In a world known for multi-taksing we have become comfortable with a mobile interface that encourages uni-tasking. Our phones and tablets can support multiple running programs. But think about how we typically use these devices. That would be one application at a time. Find your app tile, click it, and go. Even though that’s mostly driven by space considerations (you can’t have multiple windows showing on your phone), the Metro start page for Windows 8 follows the same design principles.

What does it mean for the business customer?
I still believe Microsoft’s biggest challenge with the new interface will be in business adoption. Productivity and efficiency are key considerations for business usage of computing devices. Creating change is like creating disruption and business leaders don’t like disruption to their environment.

Think about the multi-tasking model of the traditional Windows environments. You can have multiple Windows open and bounce back and forth between them. That’s not really the model of the application tile interface. So it’s good that Microsoft left a way to get the traditional desktop in Windows 8. This will help make adoption and transition within the business environment smoother.

Navigation with a keyboard and mouse will be a challenge.
Try as a I might, I have found it awkward to push the mouse to the corners of the screen for menus. So I printed out a list of the Windows 8 keyboard shortcuts to help get the menus to appear faster. Others may not be as patient as I am and I’m already a keyboard junkie from early days in Unix.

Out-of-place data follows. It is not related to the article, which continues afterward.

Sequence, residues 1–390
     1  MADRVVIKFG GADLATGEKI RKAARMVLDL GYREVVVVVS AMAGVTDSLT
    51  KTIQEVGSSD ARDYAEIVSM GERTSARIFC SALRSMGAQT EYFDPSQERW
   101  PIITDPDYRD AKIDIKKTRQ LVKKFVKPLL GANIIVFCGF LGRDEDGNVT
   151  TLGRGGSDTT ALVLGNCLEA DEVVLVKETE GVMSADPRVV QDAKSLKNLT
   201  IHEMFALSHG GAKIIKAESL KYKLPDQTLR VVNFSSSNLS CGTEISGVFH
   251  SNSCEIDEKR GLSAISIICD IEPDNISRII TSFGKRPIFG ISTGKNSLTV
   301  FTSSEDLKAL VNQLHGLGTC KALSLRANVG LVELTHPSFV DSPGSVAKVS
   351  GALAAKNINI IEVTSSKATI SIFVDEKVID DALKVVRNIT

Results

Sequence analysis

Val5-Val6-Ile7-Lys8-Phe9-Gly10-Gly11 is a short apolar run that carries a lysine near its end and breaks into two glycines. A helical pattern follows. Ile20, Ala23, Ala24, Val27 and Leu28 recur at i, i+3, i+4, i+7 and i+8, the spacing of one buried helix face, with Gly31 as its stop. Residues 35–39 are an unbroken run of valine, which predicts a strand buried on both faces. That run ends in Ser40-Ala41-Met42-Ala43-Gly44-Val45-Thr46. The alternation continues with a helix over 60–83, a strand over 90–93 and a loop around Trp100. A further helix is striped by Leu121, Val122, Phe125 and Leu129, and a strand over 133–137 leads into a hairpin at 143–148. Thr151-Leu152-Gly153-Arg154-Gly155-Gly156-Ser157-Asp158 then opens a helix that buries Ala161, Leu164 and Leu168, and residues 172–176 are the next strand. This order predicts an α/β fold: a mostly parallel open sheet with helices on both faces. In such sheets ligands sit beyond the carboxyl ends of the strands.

Do I get it?
So when you think Windows 8 think about your phone.  Think about apps and tiles. That’s what it’s really about.

BTW – In case you were wondering, I haven’t given up my beloved Ubuntu Linux device. My Windows machine is a secondary device used mostly by other family members.

Distance education continues to expand

The need for business innovation is constant.
I was talking to a friend this week about changes in the banking industry sparked by advancements in technology. The conversation topics included the importance of physical bank branches today and the future of branches for banks in the future. During our discussion I said that all industries must continually reinvent themselves through innovative changes.

Now I realize that wasn’t a breaking-news revelation. But within the context of our conversation it was meant to summarize the changes in business over the past several years brought on by the rapid advancement of technology. Who would have thought that brands like Borders Books and Circuit City would have hit the wall? Our banking discussion was about the impact of technology on banking transactions and why people still needed a physical branch. Many banking industry analysts are talking about this in great detail including Jim Marous and Brett King.